With all these new camber options around it can be hard to know which one is going to be best for your specific type of riding. The best way to tell is to get out and demo a bunch of different boards and feel for yourself how the different styles fit your riding. But for now I’ll just tell you a little about the Amptek that I recently demoed and loved.
A lot of brands and people will tell you that if you’re going to have a rocker board the reverse camber bend should stay between the bindings. Well, Rossignol went the other way on that one. Amptek, short for amplification technology, is 1mm of camber in between the bindings and an early rise starting at the bindings and out to the tip and tail. Amptek is brand new for the 09/10 season and no other companies have a camber like it. The Rossignol boards that have it are the men’s Angus and the women’s Justice. These boards are pretty much identical, with a few exceptions to make them specific for men and women.
One problem with rocker technology is that it doesn’t always handle very well on groomed runs. Rocker boards have been praised for their feel on rails and powder, but edge control is lacking. Rossignol designed Amptek to provide a good even ride in all conditions. The early rise in the nose and tail will allow the board to float in powder and flow smooth over boxes and rails and the camber in between the bindings will provide for more grip and edge control on hard packed snow.
The Angus and Justice are both an all mountain freestyle board with a sintered 4400 base. A sintered base is going to be much faster and more durable than an extruded base, and the 4400 is going to be much easier to maintain than a 7500 base. The numbers stand for how many pores there are per square inch in the base. More pores means the base will absorb more wax making it faster, but it also requires more frequent waxing making it more high maintenance.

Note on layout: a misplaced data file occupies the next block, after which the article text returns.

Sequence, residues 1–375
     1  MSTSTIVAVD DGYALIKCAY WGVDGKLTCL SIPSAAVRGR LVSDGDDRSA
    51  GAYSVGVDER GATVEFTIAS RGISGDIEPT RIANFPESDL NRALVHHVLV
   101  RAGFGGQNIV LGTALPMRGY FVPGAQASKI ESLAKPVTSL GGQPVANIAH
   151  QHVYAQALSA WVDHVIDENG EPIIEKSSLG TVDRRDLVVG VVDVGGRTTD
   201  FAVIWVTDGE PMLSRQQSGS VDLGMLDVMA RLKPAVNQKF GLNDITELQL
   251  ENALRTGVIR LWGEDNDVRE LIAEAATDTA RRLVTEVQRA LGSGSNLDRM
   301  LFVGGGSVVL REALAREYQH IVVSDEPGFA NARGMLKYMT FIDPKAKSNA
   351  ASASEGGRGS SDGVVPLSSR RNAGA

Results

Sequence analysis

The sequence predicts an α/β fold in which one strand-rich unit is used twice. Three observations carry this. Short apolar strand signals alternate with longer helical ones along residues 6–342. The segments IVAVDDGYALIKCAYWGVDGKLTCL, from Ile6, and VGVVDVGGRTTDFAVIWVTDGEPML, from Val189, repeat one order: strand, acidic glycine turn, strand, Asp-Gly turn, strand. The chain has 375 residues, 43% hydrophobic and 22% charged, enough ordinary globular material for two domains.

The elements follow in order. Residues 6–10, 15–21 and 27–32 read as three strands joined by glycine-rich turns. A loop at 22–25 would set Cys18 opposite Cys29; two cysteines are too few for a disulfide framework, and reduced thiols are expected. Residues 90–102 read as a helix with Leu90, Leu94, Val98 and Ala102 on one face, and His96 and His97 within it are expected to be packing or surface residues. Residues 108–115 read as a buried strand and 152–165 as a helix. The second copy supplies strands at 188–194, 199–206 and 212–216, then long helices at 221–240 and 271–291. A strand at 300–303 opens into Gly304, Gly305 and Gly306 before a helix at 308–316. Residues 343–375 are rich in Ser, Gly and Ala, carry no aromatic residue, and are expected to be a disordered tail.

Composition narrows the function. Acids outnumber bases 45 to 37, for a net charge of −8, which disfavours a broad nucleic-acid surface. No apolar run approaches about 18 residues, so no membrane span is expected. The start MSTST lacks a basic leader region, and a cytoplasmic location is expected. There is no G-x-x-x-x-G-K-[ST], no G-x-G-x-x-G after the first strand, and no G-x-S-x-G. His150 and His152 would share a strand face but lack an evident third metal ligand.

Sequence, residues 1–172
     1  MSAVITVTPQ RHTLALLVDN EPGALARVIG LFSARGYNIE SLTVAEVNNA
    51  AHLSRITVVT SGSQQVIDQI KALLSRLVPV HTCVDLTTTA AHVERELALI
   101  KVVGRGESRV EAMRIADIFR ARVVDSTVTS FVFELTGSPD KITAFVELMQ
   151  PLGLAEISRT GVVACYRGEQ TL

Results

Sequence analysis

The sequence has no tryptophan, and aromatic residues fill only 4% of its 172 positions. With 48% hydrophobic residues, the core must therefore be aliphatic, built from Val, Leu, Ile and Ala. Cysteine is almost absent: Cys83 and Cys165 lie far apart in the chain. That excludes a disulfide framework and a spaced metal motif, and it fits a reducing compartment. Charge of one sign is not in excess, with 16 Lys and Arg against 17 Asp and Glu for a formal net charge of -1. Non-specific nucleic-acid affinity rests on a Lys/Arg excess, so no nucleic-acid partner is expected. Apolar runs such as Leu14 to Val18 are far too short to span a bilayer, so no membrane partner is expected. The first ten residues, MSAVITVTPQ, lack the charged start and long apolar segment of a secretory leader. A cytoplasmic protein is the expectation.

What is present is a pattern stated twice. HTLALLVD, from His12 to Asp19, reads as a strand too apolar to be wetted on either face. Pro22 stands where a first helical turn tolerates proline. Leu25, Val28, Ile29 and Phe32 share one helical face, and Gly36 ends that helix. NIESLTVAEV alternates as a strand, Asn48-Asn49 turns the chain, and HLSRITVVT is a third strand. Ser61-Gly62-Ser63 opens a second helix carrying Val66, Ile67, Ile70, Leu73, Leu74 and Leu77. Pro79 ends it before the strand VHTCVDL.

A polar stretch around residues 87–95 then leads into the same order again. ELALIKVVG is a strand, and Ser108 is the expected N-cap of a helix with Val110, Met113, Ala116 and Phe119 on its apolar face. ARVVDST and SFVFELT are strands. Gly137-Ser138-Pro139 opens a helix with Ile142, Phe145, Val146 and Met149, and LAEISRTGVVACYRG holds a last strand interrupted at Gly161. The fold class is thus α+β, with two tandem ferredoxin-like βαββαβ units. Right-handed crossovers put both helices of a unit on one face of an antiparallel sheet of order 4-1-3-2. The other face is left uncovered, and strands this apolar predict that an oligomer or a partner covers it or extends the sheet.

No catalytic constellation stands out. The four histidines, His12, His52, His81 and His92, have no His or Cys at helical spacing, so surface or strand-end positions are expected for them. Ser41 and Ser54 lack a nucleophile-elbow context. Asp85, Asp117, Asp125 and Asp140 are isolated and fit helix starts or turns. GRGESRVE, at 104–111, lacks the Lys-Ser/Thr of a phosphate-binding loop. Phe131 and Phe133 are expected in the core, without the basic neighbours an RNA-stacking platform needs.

The flex is where the Angus and Justice differ. The Angus has a 7 flex pattern while the Justice is a 5. All boards are ranked on a 0-10 scale for stiffness, 0 being play-doh and 10 being cement. The boards both have a directional twin shape which means that the bindings can be centered, but the nose is softer than the tail. Rossignol says this makes for better punch on kickers and solid landings and a smoother ride.
Flex Pattern for the Angus and Justice:
The boards both also have a Wood CK core. Wood, means that the boards have a tip to tail 100% wood core, and the CK means that the core is infused with Carbon and Kevlar fibers. The Carbon and Kevlar will give the boards extra punch and durability for a better performance in the park and for all mountain freestyle riding. When I demoed the Justice I found that the Wood CK core worked. I was ollieing and popping all over the place with ease. I had a ton of fun on the Justice for the few short runs I was on it. These boards work for any level of rider from beginners to advanced, and I would definitely recommend it to anyone.
Hi! Any binding recommendations for the Angus?
Rossignol recommends their Cobra bindings. This is probably the best way to go since they designed both the board and binding the two will have been designed to work well together for riding styles and conditions. If you want a little more variety Union and Flux are always good brands to look at. Since this is an all mountain freestyle board try to find a binding with a mid range flex, maybe a little on the softer side, but that will depend on your riding style. If you do more park and freestyle go softer, if you do more carving and freeriding go with stiffer flex.
Hope it helps. Thanks for the comment!
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